I know, I can make the text tinier and the headline box will take its intended place within the illustration...
... but this is like a shop without a wheelchair ramp. You're saying you don't care about people like me.
Anyway, here, I'll excerpt a paragraph — one that's not about Plato or Trump-as-Hitler dramatics. This is some well-stated political analysis about Hillary:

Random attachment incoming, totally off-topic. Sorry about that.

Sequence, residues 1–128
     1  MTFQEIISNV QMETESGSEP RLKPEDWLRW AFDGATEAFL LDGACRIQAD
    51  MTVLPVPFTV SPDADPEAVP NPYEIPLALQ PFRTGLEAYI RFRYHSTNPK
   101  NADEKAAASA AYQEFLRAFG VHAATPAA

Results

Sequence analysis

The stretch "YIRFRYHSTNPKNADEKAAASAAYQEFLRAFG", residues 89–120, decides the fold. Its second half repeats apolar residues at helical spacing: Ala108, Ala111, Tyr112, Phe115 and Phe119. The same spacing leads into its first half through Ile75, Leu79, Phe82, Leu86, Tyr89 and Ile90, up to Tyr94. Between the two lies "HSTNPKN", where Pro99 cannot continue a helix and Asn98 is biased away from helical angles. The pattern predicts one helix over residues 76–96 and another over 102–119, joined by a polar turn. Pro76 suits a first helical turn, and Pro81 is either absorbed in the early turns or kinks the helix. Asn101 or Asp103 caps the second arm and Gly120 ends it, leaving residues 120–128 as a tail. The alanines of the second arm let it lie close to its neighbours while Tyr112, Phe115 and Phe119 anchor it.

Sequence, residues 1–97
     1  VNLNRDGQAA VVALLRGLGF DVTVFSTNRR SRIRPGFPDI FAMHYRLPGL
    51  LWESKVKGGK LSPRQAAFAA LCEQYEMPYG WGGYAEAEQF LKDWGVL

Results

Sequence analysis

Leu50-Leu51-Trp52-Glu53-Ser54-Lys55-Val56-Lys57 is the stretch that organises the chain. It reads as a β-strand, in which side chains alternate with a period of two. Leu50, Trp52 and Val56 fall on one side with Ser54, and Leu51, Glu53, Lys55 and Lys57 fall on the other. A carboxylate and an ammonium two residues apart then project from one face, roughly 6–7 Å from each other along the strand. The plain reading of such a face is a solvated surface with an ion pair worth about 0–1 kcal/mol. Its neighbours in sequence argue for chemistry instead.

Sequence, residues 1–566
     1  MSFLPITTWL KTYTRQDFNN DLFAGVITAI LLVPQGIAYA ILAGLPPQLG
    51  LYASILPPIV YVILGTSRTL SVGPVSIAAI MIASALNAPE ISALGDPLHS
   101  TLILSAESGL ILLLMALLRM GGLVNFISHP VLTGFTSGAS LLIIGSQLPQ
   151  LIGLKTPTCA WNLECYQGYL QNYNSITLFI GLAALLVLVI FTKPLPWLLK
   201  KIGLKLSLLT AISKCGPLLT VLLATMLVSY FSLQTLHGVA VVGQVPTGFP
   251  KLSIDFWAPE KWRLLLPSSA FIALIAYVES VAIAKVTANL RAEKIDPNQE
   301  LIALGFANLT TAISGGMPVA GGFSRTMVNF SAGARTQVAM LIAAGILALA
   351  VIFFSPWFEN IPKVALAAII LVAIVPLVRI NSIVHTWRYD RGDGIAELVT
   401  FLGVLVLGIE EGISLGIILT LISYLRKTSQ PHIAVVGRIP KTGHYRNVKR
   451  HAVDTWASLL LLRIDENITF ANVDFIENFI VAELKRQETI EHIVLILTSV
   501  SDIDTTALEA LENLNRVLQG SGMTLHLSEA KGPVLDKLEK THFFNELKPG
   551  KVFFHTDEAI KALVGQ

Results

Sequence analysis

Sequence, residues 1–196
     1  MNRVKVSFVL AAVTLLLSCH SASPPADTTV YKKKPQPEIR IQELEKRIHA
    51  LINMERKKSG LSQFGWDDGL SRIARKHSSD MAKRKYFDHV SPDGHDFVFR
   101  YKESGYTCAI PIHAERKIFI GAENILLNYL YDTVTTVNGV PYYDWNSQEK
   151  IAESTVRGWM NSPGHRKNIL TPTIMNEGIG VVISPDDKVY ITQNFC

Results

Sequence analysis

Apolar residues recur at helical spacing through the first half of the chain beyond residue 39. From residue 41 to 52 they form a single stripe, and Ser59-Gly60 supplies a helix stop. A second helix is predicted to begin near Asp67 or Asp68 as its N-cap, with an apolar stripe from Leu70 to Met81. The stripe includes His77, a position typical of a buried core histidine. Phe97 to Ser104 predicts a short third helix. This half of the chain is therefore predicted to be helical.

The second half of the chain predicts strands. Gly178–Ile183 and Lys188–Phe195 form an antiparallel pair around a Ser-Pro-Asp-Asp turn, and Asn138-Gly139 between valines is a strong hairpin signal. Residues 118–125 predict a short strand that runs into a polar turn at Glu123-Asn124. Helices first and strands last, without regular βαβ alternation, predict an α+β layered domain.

Remember James Carville’s core question in the 1992 election: Change versus more of the same? That sentiment once elected Clinton’s husband; it could also elect her opponent this fall. If you like America as it is, vote Clinton. After all, she has been a member of the American political elite for a quarter-century. Clinton, moreover, has shown no ability to inspire or rally anyone but her longtime loyalists. She is lost in the new media and has struggled to put away a 74-year-old socialist who is barely a member of her party. Her own unfavorables are only 11 points lower than Trump’s (far higher than Obama’s, John Kerry’s, or Al Gore’s were at this point in the race), and the more she campaigns, the higher her unfavorables go (including in her own party). She has a Gore problem. The idea of welcoming her into your living room for the next four years can seem, at times, positively masochistic.Okay, this is something I've been wanting to talk about — reliance on "unfavorables." It seems to me, we're going to end up with 2 major-party candidates that most people don't like. The election is going to be decided by the people who are going to be stuck voting for one of 2 people neither of whom they like. The question isn't who has higher unfavorability, but which one is more capable of getting a vote from a person who is disgusted by both of them. As Sullivan's paragraph suggests, one is exciting, risky, and entertaining. The other is dreary, predictable, and medicinal.